The title of today's hearing is "Creating Jobs: Economic Opportunities in Europe and Eurasia." As I have made clear in past hearings and statements, I am concerned by the state of Europe's economy and financial markets. Given this concern, you may be surprised that I think there is opportunity in Europe. Despite the current financial crisis, the combined nations of the
European Union remain the United States' largest trading partner. In addition, Turkey, Russia, Central Asia, and emerging Eastern European markets each present additional opportunities for American exporters.
The natural tendency during tough economic and financial times is to insulate oneself from fluctuating global markets. To some extent, this makes sense. Some European governments remain volatile and thus U.S. investors and exporters should remain cautious.
However, there are European nations who are weathering the crisis and present opportunities for U.S. exporters and investors to capitalize upon.
We must not forget that growth is an important component of the solution to any economic crisis. The United States government can help its citizens create growth by making it easier to do business at home and abroad. For example, a zero-tariff agreement with the European Union would substantially increase in total trade and an enormous jump in our exports
to Europe. It is true that tariffs between the U.S. and our European partners are low; however, transatlantic trade is so important to economies on both sides of the Atlantic that dropping tariffs by just a few percentage points, to zero, would allow U.S. exports to increase by tens of billions of dollars. Accordingly, some estimate that we could see upwards of 300,000 jobs created through just the goods portion of such an agreement.
Opportunities exist outside of the European Union as well. Russia presents one such opportunity. From 2005 -- 2010, my fellow Hoosiers increased their exports of goods to Russia by more than 2.5 times. Russia will join the WTO this summer. The increased trade that Russia's WTO membership will allow could support upwards of 50,000 new jobs within five years. In the current economic climate, we cannot ignore such an opportunity to create jobs.
At the same time, we must preserve U.S. support for democracy and human rights. As I am sure everyone in this room knows, it is Congress' decision to graduate Russia from the Jackson-Vanik Amendment, and grant Russia Permanent Normal Trade Relations. Such action is required in order for U.S. companies to reap the benefits of Russia's WTO membership. There is great debate as to what action Congress should take. I am concerned about the timing of a repeal and what an alternative to Jackson-Vanik would entail. However, we must also recognize that Jackson-Vanik is now largely symbolic. For almost two decades, the President has waived Jackson-Vanik and granted Russia normal trade relations under the "full compliance" provision of the Amendment. Regardless, if Congress decides to graduate Russia from Jackson-Vanik, we must maintain our support for democracy and human rights through a modern, functional replacement that recognizes the current situation in Russia.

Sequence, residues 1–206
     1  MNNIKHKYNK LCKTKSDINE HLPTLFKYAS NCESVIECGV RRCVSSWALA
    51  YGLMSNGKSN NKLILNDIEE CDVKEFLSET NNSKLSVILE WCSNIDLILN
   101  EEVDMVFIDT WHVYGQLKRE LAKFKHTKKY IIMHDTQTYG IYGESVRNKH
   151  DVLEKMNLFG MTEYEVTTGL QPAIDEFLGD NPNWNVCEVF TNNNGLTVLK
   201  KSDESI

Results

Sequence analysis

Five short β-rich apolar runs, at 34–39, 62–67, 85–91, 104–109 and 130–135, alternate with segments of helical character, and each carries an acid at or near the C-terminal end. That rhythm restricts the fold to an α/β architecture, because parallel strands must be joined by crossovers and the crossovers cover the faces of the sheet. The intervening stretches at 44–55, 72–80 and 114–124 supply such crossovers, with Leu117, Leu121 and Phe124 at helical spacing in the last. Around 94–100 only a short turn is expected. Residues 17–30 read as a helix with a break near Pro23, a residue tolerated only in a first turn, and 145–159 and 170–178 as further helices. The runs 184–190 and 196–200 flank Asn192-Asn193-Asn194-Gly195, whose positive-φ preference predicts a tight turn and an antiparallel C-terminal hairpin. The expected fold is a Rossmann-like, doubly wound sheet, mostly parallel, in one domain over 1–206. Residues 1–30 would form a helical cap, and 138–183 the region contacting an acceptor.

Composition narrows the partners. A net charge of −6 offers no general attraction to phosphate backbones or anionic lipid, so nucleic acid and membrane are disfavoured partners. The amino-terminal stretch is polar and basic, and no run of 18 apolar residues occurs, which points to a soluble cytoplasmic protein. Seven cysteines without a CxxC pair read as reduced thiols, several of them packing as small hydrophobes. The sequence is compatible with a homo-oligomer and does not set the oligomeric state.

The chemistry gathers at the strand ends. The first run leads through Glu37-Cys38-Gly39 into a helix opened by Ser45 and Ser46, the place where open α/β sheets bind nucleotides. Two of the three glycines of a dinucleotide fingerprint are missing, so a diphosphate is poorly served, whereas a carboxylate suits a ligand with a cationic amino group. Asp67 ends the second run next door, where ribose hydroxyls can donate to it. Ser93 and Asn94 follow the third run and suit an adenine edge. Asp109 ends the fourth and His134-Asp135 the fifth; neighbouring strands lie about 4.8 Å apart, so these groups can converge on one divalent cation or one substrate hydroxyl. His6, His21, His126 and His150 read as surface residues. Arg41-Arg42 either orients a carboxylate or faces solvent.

Turkey presents another opportunity for greater economic cooperation. Between 2005 and 2010, Turkey's GDP grew an average of 4 percent as the country's economy diversified.
This progress continues. In a few weeks, Turkey will receive final bids for a third bridge connecting Europe and Asia across the Bosphorus straight. This project is emblematic of the tens of billions of dollars that Turkey will invest into highways and other infrastructure in the coming years as its economy continues to grow and diversify. In addition to supporting further
economic growth with Turkey, such developments will leave Turkey better prepared to serve as the gateway for western companies who wish to do business in the Middle East and Central Asia.
Unfortunately, we are often our own worst enemy when it comes to international trade.
The U.S. must be able to move swiftly and decisively in a fast moving global market. We have failed to do so recently. Trade deals with Colombia, South Korea, and Panama lingered for several years. As Congress proved by changing the rules when President Bush sent to Congress the Colombia agreement, fast-track authority is no longer viable. Currently, the U.S. is only participating in one ongoing negotiation, the Trans-Pacific Partnership. The United States is not involved in any of the 26 regional trade agreements listed by the World Trade Organization as being under negotiation.
The people of the United States deserve better. This government, both the
Administration and Congress, must get serious. We must improve this government's capability to help business and increase exports. If we cannot outpace our competitors, we cede to them the enormous advantage that comes with being the world's largest economic power. This is not acceptable.